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Korean J Spine > Volume 12(3); 2015 > Article
Saltzman, Levy, Vakhshori, and DeWald: Free Vascularized Fibular Strut Autografts to the Lumbar Spine in Complex Revision Surgery: A Report of Two Cases


This case report presents two patients who underwent fibular strut grafting for complex revisions of previous lumbar spine arthrodeses. A case review of the Electronic Medical Record at the index institution was performed to evaluate the timeline of events of the two patients who underwent fibular strut grafting for complex revisions of previous lumbar spine arthrodesis, including imaging studies, progress notes, and laboratory results. One patient had developed chronic L3 vertebral body osteomyelitis from a prior fibular allograft and instrumentation placed for a traumatic burst fracture. The second patient had a severe scoliosis recalcitrant to prior arthrodeses in the context of Marfan syndrome and a persistent L4-5 pseudarthrosis. Both patients underwent free vascularized fibular autograft revision arthrodeses. At most recent long-term follow-up, both patients had improved clinically and neither had required further revision. The use of free vascularized fibular grafting is an excellent option for a variety of spinal indications, and these two reports indicate that the technology may have an indication for use after multiple failed surgeries for osteomyelitis or correction of a multi-level large spinal deformity secondary to Marfan syndrome.


Free vascularized fibular bone grafts (FVFBGs) can be an important tool for spine surgeons to treat difficult conditions. FVFBG was introduced by Huntington in 1905 for partial tibial reconstruction19) and is now used for reconstruction of segmental bone defects throughout the body. Its use has recently extended to spine surgery, such as multi-level corpectomies, failed arthrodesis, and poor bone quality due to radiation exposure or infection which inherently has a higher degree for complications19,21). A vascular graft transfers living bone and thus retains cellular viability, leading to less bony remodeling and better maintenance of its structural integrity19). Compared to avascular bone grafts, vascular grafts in the spine provide stronger, stiffer constructs with higher fusion rates and better functional outcomes7,16,18). Failed arthrodeses and posttraumatic deformity have responded to free fibular grafts with reliable rates of union and curvature correction4,6,10,12,14). This technique has also allowed for more aggressive management of spinal neoplasms, including vertebral column resection1,8).
We describe two complex revision cases utilizing a vascularized fibular strut autograft to the spine for failed lumbar spine arthrodeses. Our first case patient underwent vascularized grafting to augment his anterior stabilization in the context of chronic L3 vertebral body osteomyelitis. The second patient had a complex history of more than ten previous arthrodesis and revision procedures for complex scoliosis secondary to Marfan syndrome.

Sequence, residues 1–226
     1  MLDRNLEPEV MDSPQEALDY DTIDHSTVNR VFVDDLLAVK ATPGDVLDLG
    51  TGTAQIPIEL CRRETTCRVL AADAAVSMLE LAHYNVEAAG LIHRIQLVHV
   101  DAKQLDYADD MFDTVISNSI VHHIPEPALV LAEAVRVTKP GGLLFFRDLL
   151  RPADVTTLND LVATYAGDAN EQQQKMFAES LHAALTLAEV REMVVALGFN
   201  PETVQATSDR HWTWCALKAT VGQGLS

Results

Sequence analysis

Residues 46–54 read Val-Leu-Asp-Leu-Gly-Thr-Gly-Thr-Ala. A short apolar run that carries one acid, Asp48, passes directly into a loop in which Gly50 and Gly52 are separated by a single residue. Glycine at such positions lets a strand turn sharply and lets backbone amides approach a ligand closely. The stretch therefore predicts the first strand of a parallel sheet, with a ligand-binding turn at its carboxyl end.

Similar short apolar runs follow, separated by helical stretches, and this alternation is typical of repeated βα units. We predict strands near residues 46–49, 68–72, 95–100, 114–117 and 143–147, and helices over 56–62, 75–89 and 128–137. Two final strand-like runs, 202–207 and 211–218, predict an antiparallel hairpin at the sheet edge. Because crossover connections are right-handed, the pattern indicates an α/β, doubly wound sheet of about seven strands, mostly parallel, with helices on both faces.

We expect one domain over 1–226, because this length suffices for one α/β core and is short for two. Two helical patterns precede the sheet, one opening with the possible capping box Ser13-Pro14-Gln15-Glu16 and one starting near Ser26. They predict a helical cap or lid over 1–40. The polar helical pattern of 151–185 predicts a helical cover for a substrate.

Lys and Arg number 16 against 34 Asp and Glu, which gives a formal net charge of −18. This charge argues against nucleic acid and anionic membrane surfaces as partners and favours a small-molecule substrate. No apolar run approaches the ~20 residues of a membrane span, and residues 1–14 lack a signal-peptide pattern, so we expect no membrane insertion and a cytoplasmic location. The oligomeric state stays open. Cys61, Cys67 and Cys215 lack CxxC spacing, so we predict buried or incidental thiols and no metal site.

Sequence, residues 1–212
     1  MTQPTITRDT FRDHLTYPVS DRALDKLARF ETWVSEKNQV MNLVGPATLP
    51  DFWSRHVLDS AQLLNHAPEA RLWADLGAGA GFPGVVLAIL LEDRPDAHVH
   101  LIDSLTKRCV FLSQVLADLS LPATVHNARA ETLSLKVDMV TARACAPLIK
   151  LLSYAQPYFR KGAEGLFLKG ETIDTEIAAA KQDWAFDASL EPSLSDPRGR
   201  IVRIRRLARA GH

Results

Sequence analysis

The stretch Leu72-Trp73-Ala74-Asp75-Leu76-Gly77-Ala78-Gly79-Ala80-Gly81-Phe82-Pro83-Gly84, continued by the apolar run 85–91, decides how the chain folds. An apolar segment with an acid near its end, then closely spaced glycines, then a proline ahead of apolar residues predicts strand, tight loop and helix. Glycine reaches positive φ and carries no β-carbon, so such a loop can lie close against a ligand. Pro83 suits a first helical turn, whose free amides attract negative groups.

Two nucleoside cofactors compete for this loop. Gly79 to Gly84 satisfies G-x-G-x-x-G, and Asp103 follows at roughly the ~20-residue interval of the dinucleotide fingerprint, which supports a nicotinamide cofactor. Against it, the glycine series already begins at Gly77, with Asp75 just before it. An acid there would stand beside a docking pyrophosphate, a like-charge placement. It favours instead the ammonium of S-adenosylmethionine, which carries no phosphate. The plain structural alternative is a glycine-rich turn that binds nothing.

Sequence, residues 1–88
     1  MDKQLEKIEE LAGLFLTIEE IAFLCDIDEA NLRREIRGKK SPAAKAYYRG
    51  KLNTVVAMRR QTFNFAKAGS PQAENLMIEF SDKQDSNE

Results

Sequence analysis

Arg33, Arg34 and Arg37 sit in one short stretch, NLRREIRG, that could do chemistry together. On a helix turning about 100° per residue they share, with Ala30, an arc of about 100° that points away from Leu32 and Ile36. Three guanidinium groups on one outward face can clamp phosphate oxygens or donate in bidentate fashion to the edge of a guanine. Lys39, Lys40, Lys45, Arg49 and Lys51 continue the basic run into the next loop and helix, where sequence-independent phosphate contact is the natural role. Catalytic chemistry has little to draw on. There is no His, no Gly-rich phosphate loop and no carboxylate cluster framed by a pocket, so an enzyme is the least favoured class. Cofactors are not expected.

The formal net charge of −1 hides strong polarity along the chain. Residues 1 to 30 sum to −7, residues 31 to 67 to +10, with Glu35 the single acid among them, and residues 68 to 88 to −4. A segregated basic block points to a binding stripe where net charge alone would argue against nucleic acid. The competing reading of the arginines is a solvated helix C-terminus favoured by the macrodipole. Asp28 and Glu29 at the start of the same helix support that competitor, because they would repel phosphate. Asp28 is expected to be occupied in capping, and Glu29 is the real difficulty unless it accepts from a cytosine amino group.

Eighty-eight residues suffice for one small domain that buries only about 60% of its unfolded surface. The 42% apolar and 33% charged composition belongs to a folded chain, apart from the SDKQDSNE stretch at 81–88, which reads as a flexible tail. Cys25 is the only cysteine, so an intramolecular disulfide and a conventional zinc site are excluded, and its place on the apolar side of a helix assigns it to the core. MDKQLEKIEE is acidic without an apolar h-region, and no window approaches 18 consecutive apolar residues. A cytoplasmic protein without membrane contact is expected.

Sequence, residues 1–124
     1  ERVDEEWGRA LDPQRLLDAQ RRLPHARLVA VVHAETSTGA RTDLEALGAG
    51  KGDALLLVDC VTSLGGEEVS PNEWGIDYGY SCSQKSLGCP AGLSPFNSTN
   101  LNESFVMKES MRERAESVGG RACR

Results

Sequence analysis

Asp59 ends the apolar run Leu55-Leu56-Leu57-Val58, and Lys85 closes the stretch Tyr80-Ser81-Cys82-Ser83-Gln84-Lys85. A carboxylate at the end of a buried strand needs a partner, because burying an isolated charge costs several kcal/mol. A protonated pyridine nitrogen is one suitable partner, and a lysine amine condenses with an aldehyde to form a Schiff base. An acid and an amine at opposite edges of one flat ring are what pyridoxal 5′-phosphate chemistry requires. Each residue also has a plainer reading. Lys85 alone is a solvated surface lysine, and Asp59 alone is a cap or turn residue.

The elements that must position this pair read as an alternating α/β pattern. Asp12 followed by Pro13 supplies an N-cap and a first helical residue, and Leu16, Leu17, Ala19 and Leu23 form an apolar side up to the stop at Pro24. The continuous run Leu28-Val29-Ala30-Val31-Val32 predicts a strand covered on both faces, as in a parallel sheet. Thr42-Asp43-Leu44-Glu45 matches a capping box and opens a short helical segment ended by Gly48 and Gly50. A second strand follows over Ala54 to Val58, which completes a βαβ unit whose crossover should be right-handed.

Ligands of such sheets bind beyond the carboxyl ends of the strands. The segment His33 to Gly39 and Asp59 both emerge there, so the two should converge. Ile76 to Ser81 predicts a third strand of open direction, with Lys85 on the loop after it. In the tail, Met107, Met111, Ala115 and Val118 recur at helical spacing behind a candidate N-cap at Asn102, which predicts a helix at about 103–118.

1. Case 1

The first patient was a 46-year-old male with prior myocardial infarction and hypertension who was referred to the senior author's orthopedic spine clinic in February 2006. A motor vehicle accident in 1999 had resulted in an L3 vertebral burst fracture with lower extremity weakness. He underwent an anterior decompression and reconstruction of the L3 vertebral body with fibular strut allograft. He recovered all lower extremity motor function post-operatively, but in 2002, he was involved in a second motor vehicle accident and developed osteomyelitis of the L3 body shortly thereafter. In 2003, he underwent a removal of hardware and irrigation and debridement followed by repeat debridements in 2004 and late 2005. Just two weeks prior to referral to the senior author's clinic, the patient noted a one-centimeter (cm) region of dehiscence with serosanguinous exudate at his previously healed left lateral abdominal incision. Computed tomography (CT) imaging demonstrated bridging bone from L2 to L4 with a 2.0 by 1.5 cm subcutaneous fluid collection and a deep abscess anterior to the left psoas muscle measuring 1.3 by 0.8cm(Fig. 1). The patient was recalcitrant to nonoperative management with IV antibiotic use; thus, he was scheduled for surgical intervention.
In May 2006, the patient underwent the first of a two-stage intervention with decompression of the anterior L3 abscess and posterior spinal fusion with bilateral pedicle screw instrumentation from L2 to L4 and iliac crest autograft. Cultures from the L3 vertebral body returned no growth, but the bone pathology showed chronic osteomyelitis. Postoperatively he received IV ertapenem until the second stage operation in August 2006, where the patient underwent the second stage anterior fusion with vascularized free fibula grafting. The patient was placed in the left lateral decubitus position and a flank incision was made just below the diaphragm for access to the retroperitoneal space. The L3 vertebral body was accessed at which time five mL of frank pus were expressed. The previous allograft struts were separated from the vertebral body with an osteotome and removed. This debridement left a bony defect measuring 3 cm in length and 2 cm in depth. Next, the free fibula graft was harvested with the assistance of a microscopic-surgery trained surgeon. A posterolateral approach to the distal right lower extremity was utilized. Small muscular branches about the fibula were sacrificed when harvesting the pedicle, but the remaining posterior tibial vessels and nerve were retained. The nutrient vessels entering the bone were carefully dissected. The harvested fibula was 3cm in length, and the remaining fibular bone stock was used as autograft bone about the spine.